Coby and JanetMany people have different places on their bucket list to visit when travelling to Israel, and mine has always been Neve Hanna in Kiryat Gat, established in 1973 under the dynamic leadership of Hanni Ullman, a veteran Israeli educator and recipient of the prestigious President’s Award for Volunteerism. Neve Hanna is named for Hanna Kaplan, a Holocaust survivor who bequeathed money to Hanni to create a family-style home for children in distress. During our recent trip to Israel for Coby Dov’s Bar Mitzvah, I was privileged to mark one of those bucket list destinations off my list – and it will definitely be a repeated place to visit in the future! Since I was a teenager, I have always wanted to visit Neve Hanna, because my Rabbi, Rabbi Benjamin Z. Kreitman, one of the greatest influences in my life, always described it as a magical place that transformed people’s lives and recognized each individual’s needs and challenges. The pictures he showed me were of children with smiling faces, clearly loving their current home. I knew that this would be a perfect place to visit on our Coby Dov Bar Mitzvah mission! Rabbi Kreitman, the Founding President of American Friends of Neve Hanna, never stopped talking about the children who lived at Neve Hanna, who were removed from their homes due to physical and psychological violence, neglect, and sexual abuse, and now live in family-like units grouped according to age. On our recent visit, we were able to see one of the four family-like units, but the approximately 80 children who live there, between the ages of 6 to 18, were all in school. I can say, their rooms were incredibly neat! After school, an additional 45 children come to Neve Hanna for their day care programs and return home every night. One of these programs is a joint Jewish-Bedouin program.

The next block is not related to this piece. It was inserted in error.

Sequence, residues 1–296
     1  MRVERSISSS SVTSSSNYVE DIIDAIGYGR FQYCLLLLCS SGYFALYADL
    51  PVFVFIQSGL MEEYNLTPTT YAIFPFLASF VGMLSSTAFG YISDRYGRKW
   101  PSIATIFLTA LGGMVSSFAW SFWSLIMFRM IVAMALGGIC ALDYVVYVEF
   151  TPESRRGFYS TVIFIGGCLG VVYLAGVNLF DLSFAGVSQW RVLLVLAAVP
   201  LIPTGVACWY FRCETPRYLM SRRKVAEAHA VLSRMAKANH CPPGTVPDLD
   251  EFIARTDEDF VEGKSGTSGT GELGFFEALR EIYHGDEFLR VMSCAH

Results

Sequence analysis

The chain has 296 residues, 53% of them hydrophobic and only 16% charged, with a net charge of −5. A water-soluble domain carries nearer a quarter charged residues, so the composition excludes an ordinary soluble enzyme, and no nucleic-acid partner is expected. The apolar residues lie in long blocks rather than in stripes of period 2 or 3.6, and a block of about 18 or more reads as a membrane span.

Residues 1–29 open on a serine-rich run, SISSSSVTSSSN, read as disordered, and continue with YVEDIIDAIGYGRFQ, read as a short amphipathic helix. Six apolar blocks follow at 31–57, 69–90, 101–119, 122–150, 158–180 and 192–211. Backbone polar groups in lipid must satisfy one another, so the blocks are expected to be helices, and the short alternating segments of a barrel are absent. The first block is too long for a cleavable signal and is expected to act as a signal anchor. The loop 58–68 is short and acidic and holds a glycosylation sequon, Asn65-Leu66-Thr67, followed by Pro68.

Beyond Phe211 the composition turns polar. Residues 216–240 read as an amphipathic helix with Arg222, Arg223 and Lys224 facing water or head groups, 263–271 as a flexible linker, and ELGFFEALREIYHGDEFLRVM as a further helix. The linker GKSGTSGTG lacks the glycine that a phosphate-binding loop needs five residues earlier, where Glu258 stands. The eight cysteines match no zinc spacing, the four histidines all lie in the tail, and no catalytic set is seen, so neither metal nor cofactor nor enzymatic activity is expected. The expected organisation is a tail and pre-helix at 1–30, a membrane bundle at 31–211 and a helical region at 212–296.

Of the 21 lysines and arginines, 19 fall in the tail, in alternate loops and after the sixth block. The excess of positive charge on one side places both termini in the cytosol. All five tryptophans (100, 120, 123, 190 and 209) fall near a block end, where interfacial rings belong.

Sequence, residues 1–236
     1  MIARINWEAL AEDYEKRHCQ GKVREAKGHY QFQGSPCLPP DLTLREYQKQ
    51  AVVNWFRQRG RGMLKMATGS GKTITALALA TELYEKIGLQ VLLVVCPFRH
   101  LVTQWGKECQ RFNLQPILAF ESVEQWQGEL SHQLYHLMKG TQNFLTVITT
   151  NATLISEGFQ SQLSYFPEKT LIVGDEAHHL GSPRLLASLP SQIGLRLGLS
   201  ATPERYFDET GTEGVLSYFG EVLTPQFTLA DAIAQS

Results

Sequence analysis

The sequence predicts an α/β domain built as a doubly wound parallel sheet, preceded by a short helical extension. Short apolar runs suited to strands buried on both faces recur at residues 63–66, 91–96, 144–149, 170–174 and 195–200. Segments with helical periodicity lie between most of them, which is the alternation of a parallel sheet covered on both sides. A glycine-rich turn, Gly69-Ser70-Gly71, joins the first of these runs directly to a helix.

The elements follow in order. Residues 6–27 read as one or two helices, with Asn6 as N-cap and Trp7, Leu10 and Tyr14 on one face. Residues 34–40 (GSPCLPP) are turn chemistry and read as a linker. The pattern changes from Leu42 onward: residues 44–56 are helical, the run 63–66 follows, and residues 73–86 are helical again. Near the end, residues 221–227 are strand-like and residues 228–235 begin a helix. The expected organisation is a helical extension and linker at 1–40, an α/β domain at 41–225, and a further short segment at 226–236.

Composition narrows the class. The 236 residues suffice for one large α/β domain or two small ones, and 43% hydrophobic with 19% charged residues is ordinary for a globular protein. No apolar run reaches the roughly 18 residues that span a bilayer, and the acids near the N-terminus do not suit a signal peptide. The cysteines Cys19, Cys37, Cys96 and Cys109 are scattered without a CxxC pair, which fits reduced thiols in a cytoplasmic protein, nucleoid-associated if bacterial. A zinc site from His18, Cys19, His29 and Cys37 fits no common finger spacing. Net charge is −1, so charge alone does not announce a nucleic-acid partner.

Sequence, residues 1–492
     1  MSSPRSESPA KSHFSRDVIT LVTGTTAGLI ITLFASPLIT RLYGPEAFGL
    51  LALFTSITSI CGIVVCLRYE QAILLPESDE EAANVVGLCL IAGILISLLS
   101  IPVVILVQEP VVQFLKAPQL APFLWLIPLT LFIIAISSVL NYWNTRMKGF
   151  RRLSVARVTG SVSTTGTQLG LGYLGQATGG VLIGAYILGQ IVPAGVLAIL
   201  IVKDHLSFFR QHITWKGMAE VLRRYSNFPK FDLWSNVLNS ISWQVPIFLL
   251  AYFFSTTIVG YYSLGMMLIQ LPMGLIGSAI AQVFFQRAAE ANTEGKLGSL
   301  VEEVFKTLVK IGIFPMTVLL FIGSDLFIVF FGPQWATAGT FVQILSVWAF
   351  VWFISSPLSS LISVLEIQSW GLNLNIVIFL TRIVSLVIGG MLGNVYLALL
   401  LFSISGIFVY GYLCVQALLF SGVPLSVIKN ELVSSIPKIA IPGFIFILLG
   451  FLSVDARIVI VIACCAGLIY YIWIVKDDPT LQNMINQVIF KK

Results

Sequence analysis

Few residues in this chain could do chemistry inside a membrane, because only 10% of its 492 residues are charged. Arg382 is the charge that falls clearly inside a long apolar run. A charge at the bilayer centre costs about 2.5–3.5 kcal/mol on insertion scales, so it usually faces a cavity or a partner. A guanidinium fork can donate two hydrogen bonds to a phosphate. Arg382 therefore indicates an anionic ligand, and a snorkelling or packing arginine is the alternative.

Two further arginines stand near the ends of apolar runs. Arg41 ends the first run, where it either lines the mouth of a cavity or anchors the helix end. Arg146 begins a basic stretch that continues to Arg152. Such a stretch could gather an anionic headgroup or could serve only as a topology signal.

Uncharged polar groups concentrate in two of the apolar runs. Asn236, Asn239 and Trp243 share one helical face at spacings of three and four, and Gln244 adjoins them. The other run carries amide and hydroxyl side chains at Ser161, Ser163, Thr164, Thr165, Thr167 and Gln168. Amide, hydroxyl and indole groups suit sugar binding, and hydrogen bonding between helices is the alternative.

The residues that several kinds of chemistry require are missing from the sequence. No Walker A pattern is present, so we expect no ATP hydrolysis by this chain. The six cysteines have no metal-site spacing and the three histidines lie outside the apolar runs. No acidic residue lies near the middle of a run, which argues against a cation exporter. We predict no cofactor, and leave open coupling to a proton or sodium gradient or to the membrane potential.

Coby Dov Bar MitzvahRabbi Kreitman praised Neve Hanna for being a warm, loving home environment for the children, which offers support, assistance, guidance and care. During our recent visit, this warmth was definitely conveyed – from the minute we stepped off our tour bus, to the Facebook comments I receive from Rabbi Liron Levy, the rabbi at Neve Hanna, to the delicious cookies we received from their in-house bakery. The in-house bakery, Yeladudes Bakery, teaches children the values of work and imparts to them useful life skills, such as ethics and business management. The children at Neve Hanna learn the art of baking and marketing delicious specialty breads, cakes, and cookies, which are in demand in the dining rooms of Israeli corporations, sold in malls, and served on El Al flights. At Neve Hanna, this is just one way that children are able to grow up to become self-confident and independent adolescents and young adults. Neve Hanna provides group programs and therapies, with the goal of rehabilitating severely traumatized children, empowering them and promoting their educational and social development, while imparting to them the tools to build successful, independent, self-sufficient future lives. All of them receive individual counseling, including art, dance, and animal therapy. Many of the teenagers help run their family units and take responsibility for setting goals and budgets, even earning and saving money for activities like concerts, movies, and trips.